The International Energy Agency said yesterday that natural gas was enjoying “a golden age” even if the growth in output over the next five years will be a lower-than-expected 2.4% instead of 2.7% forecast earlier.
The IEA’s Medium-Term Gas Market Report pointed out that shale discoveries in North America and China’s attempts to ease its reliance on polluting coal were boosting the relatively clean energy resource’s prospects.
“Even though we have revised our growth estimates downwards, the ‘Golden Age’ of gas remains in full swing,” said IEA Executive Director Maria van der Hoeven as she presented the report during the Saint Petersburg International Economic Forum in Russia’s second city.
“Gas is already a major fuel in power generation, but the next five years will also see it emerging as a significant transportation fuel, driven by abundant supplies as well as concerns about oil dependency and air pollution,” she said.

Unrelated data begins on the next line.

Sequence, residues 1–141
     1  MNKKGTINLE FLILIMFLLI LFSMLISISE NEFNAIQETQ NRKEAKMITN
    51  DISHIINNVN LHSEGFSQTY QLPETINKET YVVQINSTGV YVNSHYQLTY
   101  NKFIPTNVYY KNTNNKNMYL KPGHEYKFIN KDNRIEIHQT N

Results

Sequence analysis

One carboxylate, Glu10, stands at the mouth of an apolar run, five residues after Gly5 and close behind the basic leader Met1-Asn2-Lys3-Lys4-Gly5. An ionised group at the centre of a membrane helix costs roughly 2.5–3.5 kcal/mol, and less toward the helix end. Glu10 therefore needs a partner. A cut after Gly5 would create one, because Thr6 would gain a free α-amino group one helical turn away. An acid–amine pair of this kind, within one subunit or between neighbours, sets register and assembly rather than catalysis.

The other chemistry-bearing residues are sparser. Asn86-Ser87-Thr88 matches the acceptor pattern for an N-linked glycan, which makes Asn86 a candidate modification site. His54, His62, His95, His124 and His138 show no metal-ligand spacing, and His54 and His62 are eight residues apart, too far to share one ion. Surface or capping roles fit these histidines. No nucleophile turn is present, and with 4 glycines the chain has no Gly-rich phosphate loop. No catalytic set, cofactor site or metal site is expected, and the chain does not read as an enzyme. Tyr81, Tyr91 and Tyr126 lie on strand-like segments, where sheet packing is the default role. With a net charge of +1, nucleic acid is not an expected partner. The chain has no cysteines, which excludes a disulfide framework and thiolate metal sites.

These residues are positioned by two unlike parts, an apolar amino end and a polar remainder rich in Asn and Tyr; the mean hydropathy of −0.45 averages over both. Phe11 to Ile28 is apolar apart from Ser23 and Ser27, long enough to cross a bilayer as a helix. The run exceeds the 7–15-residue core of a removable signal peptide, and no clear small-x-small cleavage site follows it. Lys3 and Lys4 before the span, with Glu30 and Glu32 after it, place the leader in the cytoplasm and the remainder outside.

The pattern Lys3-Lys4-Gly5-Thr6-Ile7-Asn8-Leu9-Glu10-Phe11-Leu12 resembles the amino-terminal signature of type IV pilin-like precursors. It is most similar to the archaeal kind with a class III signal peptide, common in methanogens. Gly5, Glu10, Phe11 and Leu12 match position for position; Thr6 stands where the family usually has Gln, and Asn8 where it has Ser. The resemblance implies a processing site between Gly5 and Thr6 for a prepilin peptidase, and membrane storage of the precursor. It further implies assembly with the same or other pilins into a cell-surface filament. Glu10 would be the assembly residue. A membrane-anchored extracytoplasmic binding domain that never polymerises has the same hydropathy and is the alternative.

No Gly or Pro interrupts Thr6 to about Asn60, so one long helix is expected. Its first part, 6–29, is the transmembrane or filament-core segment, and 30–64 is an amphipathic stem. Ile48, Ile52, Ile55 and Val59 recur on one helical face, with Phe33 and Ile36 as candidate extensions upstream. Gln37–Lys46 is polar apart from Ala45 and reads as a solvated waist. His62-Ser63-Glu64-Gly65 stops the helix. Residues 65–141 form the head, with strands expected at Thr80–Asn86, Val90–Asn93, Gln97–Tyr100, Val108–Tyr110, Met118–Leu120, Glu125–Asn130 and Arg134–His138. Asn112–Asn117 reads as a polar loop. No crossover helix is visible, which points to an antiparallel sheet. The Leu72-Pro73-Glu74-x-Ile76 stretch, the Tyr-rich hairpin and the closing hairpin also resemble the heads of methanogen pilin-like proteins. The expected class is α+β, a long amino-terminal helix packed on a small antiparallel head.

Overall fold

The Paris-based intergovernmental organisation said it foresees the share of gas in the global primary energy mix rising to 4,000bn cubic metres (bcm) in 2018 from 3,427 bcm in 2012.
But it also conceded that gas faced certain “challenges” in various parts of the world.
It said that rising gas prices may force coal to regain some of its lost share of the market in the US.
The gas market in Europe meanwhile could suffer as the continent was registering only a “weak and partial” economic recovery while the Middle East was seeing a boom in domestic gas consumption that would put a curb on the region’s exports.
LEAVE A COMMENT Your email address will not be published. Required fields are marked*
Week sees Qatari bourse stay afloat in positive trajectory
OPEC oil output hits record on Iraq, Libya boost
GCC share of mobile transactions 4% higher than global average
Qatar posts 30% jump in trade surplus to QR8.69bn in August
Global oil demand remains robust, says al-Sada
US GDP rises 1.4%; jobless claims up less than forecast
Credit Suisse plans Mideast growth as millionaires rise
‘Saudi asks banks to reschedule consumer loans’
Saudi chooses higher oil prices over free markets